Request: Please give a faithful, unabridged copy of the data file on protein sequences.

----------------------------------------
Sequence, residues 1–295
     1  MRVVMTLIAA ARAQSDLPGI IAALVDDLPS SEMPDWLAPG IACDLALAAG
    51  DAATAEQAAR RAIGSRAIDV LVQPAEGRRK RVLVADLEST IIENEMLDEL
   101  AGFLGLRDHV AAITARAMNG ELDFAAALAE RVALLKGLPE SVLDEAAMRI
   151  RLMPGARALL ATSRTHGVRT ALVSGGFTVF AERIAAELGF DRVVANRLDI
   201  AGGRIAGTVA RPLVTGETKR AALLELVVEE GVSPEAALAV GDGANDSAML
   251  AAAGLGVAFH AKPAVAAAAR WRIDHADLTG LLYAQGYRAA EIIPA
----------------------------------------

Sequence, residues 1–295
     1  MRVVMTLIAA ARAQSDLPGI IAALVDDLPS SEMPDWLAPG IACDLALAAG
    51  DAATAEQAAR RAIGSRAIDV LVQPAEGRRK RVLVADLEST IIENEMLDEL
   101  AGFLGLRDHV AAITARAMNG ELDFAAALAE RVALLKGLPE SVLDEAAMRI
   151  RLMPGARALL ATSRTHGVRT ALVSGGFTVF AERIAAELGF DRVVANRLDI
   201  AGGRIAGTVA RPLVTGETKR AALLELVVEE GVSPEAALAV GDGANDSAML
   251  AAAGLGVAFH AKPAVAAAAR WRIDHADLTG LLYAQGYRAA EIIPA